If you really want to keep your sanity just go NC - No Contact with the Ns in your life!!

 
At 12:28 PM, Anonymous gh said...

Solaris -- Alas, NC is not always an option, as when you are co-parenting children with an N. It would be nice to think you could just sever contact, but since N-abuse is usually behind closed doors, any attempt to do that makes you look like you're the bad parent trying to alienate the kids from the N. It'll backfire. You're stuck instead trying to find ways to manage the N so as to minimize the damage resulting from the necessary contact.

 
At 1:32 PM, Anonymous Anonymous said...

Kathy,

You've had some good blogs lately but for some reason, I couldn't comment.:0/ I'll probably hit a few point in all of them in this comment.

First, I think I won a couple of rounds with my sister and was able to establish some pretty definite boundaries where none has existed for all of our lives. I was able to get her to stop preaching to me and I used a direct quote from you. I told her that she uses scripture to set herself up as judge over me, while holding out the carrot of her approval and hitting me with the stick of her disapproval. She was speechless. I was also able to stop her mouth in the practice of her telling me what is in my own head and why I do what I do by switching it on her. I used her recent actions to paint my own picture of her intentions. She also was speechless and though it may not seem like a lot, that is as close to an apology or admission of wrong doing on her part that I've every experienced and I managed to extricate myself from the situation without taking the blame in order to make peace as has been my role in the family all of my life. Your posts, Kathy and the comments here really helped me stand my ground and you just don't know how good it feels to have succeeded in not only not being stepped on but also in standing tall, sure of my self, and my view of reality and the rightness of my actions proven.

I also wanted to comment upon the use of positive reinforcement with my son, and yes, we do try to look for those things that he does that are truly thoughtful toward others and praise him for doing them. We are also mindful to remind him of how he ought to treat others because he is so prone to overinvolvement in himself, that he honestly doesn't see the needs of others the way the rest of us do and take for granted. We also let him know when what he does is obnoxious and has crossed the line. We strive to do all of this within the context of "We love you just because you are in the world. You can't lose our love or earn it or gain it through manipulation." True love is self-existent and that is the love of a parent. In other words, we love you when you are a jerk but we enjoy being around you when you treat us in a loving way. My husband and I, my oldest son, and my youngest son's wife have formed a wall of love around him and when he screws up, we don't hide it, we all confront it together. We strive to hold him accountable in love.

I think it is too late for the older members of my family who are of this bent. Especially, my dad. They've been at it so long that they are immersed in their make-believe world and I don't think they really care for true love. They are addicted to admiration. My sister is at the peak of that venture in her life and my dad is past the zenith and now eating the consequences of the love of admiration being nothing but a momentary flash in the pan as he has no substantive love in his life. There are those of us who out of duty continue to see that he has what he needs but sadly, I think he has killed the love that any of us had for him. I as a child am not able to give him the same kind of love that I can give my son. A child's love for a parent is established in trust and I have no trust and no reason to trust. My dad is lost in the lies that he has told and lost from the reality of his life.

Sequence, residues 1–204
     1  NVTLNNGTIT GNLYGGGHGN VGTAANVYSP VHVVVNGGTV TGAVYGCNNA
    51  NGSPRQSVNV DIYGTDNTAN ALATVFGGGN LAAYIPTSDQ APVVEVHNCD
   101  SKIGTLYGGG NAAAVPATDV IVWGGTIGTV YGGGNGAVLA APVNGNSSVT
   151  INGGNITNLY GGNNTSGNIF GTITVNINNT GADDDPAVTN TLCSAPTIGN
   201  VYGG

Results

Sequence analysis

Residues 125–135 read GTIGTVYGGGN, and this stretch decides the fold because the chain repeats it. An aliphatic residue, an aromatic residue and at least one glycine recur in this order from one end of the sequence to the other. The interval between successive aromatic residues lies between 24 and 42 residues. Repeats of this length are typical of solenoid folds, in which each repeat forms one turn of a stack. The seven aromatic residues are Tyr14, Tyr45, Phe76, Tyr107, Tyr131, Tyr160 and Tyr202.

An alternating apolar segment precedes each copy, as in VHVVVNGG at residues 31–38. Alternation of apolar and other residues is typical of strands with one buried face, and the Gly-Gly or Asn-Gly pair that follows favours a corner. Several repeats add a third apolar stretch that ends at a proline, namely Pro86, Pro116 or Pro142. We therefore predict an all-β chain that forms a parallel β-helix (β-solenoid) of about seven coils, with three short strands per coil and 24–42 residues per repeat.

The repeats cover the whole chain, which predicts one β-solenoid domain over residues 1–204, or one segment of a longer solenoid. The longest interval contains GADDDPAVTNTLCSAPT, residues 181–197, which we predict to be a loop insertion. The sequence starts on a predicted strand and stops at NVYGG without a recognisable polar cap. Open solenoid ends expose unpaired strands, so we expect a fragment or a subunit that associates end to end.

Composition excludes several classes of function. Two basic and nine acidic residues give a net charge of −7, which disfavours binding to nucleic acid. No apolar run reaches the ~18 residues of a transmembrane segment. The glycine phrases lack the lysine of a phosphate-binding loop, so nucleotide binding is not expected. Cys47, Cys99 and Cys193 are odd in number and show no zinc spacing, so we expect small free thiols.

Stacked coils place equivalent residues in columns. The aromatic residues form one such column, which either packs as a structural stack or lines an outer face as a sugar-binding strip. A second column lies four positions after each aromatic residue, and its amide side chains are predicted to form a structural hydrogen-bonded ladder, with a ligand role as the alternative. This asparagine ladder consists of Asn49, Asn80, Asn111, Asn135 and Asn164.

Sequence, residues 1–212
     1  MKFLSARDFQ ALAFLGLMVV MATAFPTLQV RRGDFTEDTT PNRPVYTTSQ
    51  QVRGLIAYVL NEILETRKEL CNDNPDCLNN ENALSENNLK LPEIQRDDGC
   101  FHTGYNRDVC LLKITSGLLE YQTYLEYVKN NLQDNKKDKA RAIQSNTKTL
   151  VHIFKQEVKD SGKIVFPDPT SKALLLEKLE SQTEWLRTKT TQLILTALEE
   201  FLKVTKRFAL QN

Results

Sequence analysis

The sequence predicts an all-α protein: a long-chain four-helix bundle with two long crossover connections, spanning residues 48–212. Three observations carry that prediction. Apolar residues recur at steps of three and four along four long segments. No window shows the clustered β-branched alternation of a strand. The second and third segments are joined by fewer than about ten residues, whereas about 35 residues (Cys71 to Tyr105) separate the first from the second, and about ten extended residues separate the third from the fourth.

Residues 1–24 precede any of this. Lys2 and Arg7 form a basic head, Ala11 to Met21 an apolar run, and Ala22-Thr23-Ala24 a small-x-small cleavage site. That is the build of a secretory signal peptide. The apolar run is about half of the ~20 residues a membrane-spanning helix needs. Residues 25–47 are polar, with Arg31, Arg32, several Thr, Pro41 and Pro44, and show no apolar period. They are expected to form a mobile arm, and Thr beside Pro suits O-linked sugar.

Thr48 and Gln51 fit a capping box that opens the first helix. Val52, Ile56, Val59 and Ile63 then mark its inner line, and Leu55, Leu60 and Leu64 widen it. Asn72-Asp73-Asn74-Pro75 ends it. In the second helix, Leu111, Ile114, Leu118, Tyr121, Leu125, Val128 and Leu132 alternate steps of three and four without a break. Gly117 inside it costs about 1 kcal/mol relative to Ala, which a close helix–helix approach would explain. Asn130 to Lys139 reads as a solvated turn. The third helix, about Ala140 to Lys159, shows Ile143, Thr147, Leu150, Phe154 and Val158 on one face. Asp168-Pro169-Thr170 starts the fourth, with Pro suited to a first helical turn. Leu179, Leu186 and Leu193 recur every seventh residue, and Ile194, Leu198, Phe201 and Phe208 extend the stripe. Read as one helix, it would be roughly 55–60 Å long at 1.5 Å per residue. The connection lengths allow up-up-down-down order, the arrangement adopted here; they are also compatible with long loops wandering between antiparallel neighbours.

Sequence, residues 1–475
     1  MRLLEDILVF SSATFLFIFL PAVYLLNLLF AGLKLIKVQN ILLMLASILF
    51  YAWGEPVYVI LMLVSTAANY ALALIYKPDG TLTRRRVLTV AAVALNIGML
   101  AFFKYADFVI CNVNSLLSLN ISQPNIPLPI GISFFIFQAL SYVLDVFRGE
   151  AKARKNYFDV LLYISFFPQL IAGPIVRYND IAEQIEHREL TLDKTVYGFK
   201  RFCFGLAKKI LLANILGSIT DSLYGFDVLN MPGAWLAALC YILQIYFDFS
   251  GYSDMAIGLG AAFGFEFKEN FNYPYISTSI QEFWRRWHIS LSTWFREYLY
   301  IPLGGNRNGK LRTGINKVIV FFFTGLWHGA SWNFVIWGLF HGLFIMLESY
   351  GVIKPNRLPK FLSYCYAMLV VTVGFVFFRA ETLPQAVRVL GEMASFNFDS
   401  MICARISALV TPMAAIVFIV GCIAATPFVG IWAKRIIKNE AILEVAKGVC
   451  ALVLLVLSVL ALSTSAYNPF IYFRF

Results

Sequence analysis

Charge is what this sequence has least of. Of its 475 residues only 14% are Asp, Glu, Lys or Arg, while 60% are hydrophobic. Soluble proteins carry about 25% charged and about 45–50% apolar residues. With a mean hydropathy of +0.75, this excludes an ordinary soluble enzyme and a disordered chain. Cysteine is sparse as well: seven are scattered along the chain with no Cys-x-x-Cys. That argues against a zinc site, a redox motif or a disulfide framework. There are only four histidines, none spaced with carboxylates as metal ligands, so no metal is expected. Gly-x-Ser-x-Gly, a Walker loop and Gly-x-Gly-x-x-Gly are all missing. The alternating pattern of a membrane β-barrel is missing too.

None of us should feel too vengeful because they do get theirs in the end.

Pam

 
At 11:53 AM, Blogger Barbara said...

Graylor - you'd benefit from a book by Nina Brown called CHILDREN OF THE SELF ABSORBED.

I am an ACON (Adult Child of a Narcissist) as well as being divorced from an N male. They are mentally ill but they refuse to do anything about it - which makes them responsible, IMVHO

 
At 3:20 AM, Anonymous Anonymous said...

Pam, I think I was, for a long time, trying to prevent my H from ending up like your dad. I felt bad for H's sake, should have shifted MY loyalties sooner to feeling bad and protecting our children rather than sticking up for their dad (in the form of tolerating too much), and now I can hear it in the way I talk to the younger kids that I'm getting too close to doing what Ive tried so hard not to do, and that is turn them against their father. Trying to work out self protection and healing for all of us is taxing because everyone perceives things differently. And life keeps coming each day while we are trying to understand yesterday! GH and everyone- I too have read patricia evans. Much about abuse, passive aggressive stuff, narcissism, PDs, PTSD, all this starts to overlap and helps identify things to help sort through what we are experiencing and it is all good information to be knowledgeable on. Kathy you have been doing an awesome service by tracking and linking us to valuable resources. A sincere thankyou. jt

 
At 11:46 AM, Anonymous Anonymous said...

Everything you've described on your site about N's applies to the majority of faculty and Deans where I attend nursing school. I've witnessed slander, libel, games of keep away, capricious and arbitrary grading, false accusations of cheating, and harassment of male nursing students. We're put into a position of "needing" them, and we get the exact treatment you describe in this post. Does one: leave, sue them, or put up with the abuse?

 
At 6:14 PM, Anonymous Anonymous said...

I was eight months pregnant with my first child when my father-in-law died unexpectedly. I was broken hearted, as was my husband. My narcissistic "best friend" decided to skip the wake because my father-in-law reminded him too much of his own father who had died 18 years ago. And he couldn't go to the funeral because he had to go to work.

Two years later when my child was diagnosed with autism, he decided not to communicate with me because the person he was dating at the time thought it best to put me on the back burner and give me time to digest my situation. It wasn't his fault- it was the person he was dating that thought this was the best solution. Talk about wonders that never cease! This was the straw that broke the camel's back. I couldn't imagine ignoring one of my friends when they were in a tough situation. I never would have done that to him or anyone else. That was when I decided to cut him loose, to cut off all contact with him for good.